U.S. Steel Corp. v. U.S.

Decision Date20 July 2009
Docket NumberSlip Op. 09-74. Court No. 07-00170.
Citation637 F.Supp.2d 1199
PartiesUNITED STATES STEEL CORPORATION, Plaintiff, and Nucor Corporation, Gallatin Steel Company, SSAB North American Division, Steel Dynamics Inc., and Arcelormittal USA, Inc., Plaintiff-Intervenors, v. UNITED STATES, Defendant, and Corus Staal BV, Defendant-Intervenor.
CourtU.S. Court of International Trade

Skadden Arps Slate Meagher & Flom, LLP, Washington, DC (Robert E. Lighthizer, Jeffrey D. Gerrish, Ellen J. Schneider, and Luke A. Meisner), for Plaintiff United States Steel Corporation.

Wiley Rein (Alan H. Price and Timothy C. Brightbill), for Plaintiff-Intervenor Nucor Corporation.

Schagrin Associates (Roger B. Schagrin and Michael J. Brown), for Plaintiff-Intervenors Gallatin Steel Company, SSAB North American Division, and Steel Dynamics Inc.

Stewart and Stewart, Washington, DC (Terence P. Stewart and William A. Fennell), for Plaintiff-Intervenor ArcelorMittal USA, Inc.

Tony West, Assistant Attorney General; Jeanne E. Davidson, Director; Patricia M. McCarthy, Assistant Director, Commercial Litigation Branch, Civil Division, United States Department of Justice (Claudia Burke); Sapna Sharma, Office of the Chief Counsel for Import Administration, United States Department of Commerce, Of Counsel, for Defendant United States.

Steptoe & Johnson LLP, Washington, DC (Richard O. Cunningham, Joel D. Kaufman, Alice A. Kipel, and Jamie B. Beaber), for Defendant-Intervenor Corus Staal BV.



In December 2006, the U.S. Department of Commerce ("Commerce") determined that it would apply a new methodology to calculate the weighted-average dumping margins in certain investigations. See Antidumping Proceedings: Calculation of the Weighted-Average Dumping Margin During an Antidumping Investigation; Final Modification, 71 Fed.Reg. 77,722, 77,722 (Dep't Commerce Dec. 27, 2006) ("Section 123 Determination").1 Plaintiff United States Steel Corporation ("U.S.Steel"), along with other interested domestic parties,2 challenge that determination in a particular Section 129 proceeding,3 claiming that the use of offsetting and the elimination of zeroing is not in accordance with antidumping law.4 Plaintiff and Plaintiff-Intervenors also allege that Commerce's application of the methodology outlined in the Section 123 Determination to reach the final results of the Section 129 Determination was not in accordance with law. Finally, Plaintiff-Intervenors Nucor and ArcelorMittal argue that Commerce erred when it declined to consider their claims of targeted dumping in the Section 129 Determination.5 For the reasons stated below, the court rejects all three claims in Plaintiff's and Plaintiff-Intervenors' Motions for Judgment Upon the Agency Record and, therefore, denies the motions and grants judgment to the Government.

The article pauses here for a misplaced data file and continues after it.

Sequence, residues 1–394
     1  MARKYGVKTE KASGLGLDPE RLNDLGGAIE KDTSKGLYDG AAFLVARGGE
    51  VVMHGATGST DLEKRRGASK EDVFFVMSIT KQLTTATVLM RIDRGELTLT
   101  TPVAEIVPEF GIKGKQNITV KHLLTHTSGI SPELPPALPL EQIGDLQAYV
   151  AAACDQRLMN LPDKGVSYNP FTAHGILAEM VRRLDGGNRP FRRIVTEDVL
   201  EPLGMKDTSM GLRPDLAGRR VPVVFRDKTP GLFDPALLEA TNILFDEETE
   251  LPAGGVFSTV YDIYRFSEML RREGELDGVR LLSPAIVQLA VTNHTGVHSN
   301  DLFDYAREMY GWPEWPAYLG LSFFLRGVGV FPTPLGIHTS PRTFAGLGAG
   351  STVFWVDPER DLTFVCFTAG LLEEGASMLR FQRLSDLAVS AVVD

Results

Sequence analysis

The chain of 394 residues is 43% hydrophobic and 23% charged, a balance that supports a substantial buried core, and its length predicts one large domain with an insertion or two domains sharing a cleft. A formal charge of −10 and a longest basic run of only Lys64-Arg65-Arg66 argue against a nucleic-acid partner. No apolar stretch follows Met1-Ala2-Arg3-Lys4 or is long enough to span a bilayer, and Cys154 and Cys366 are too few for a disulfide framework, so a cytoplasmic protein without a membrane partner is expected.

I. Background
A. The Purpose of the Antidumping Laws and the Weighted-Average Dumping Margin

The central aim of the antidumping laws is to protect domestic industries from foreign manufactured goods that are sold injuriously in the United States at prices below the fair market value of those goods in their home market. See Sango Int'l, L.P. v. United States, 484 F.3d 1371, 1372 (Fed.Cir.2007). The antidumping laws are not punitive in nature, but rather, are meant to "remedy disparities in the value of imported and domestic merchandise created by impermissible international trade practices." Bethlehem Steel Corp. v. United States, 25 CIT 930, 933, 162 F.Supp.2d 639, 643 (2001). The application of antidumping principles should level the playing field between foreign and domestic manufacturers of like merchandise and not give an unfair advantage to the domestic industry. See Peer Bearing Co. v. United States, 25 CIT 1199, 1221, 182 F.Supp.2d 1285, 1310 (2001).

Commerce is required to impose an antidumping duty order on imported merchandise that (1) is sold in the U.S. below its fair value and (2) materially injures or threatens to injure a domestic industry. 19 U.S.C. § 1673. The determination of whether the subject imports are sold at less than fair value involves a two-step process, whereby Commerce must first calculate the "dumping margin"—the amount by which "the normal value [(`NV')] exceeds the export price [(`EP')] or constructed export price [(`CEP')] of the subject merchandise."6 19 U.S.C § 1677(35)(A). If the price of a good in the home market (NV) is greater than the price for the same good in the U.S. (EP or CEP), then the dumping margin comparison produces a positive number indicating that dumping has occurred. In contrast, when the price charged for the subject merchandise in the U.S. (EP or CEP) is greater than that charged for the same merchandise in the home market (NV), the dumping margin calculation yields a negative value, showing that those sales were made fairly.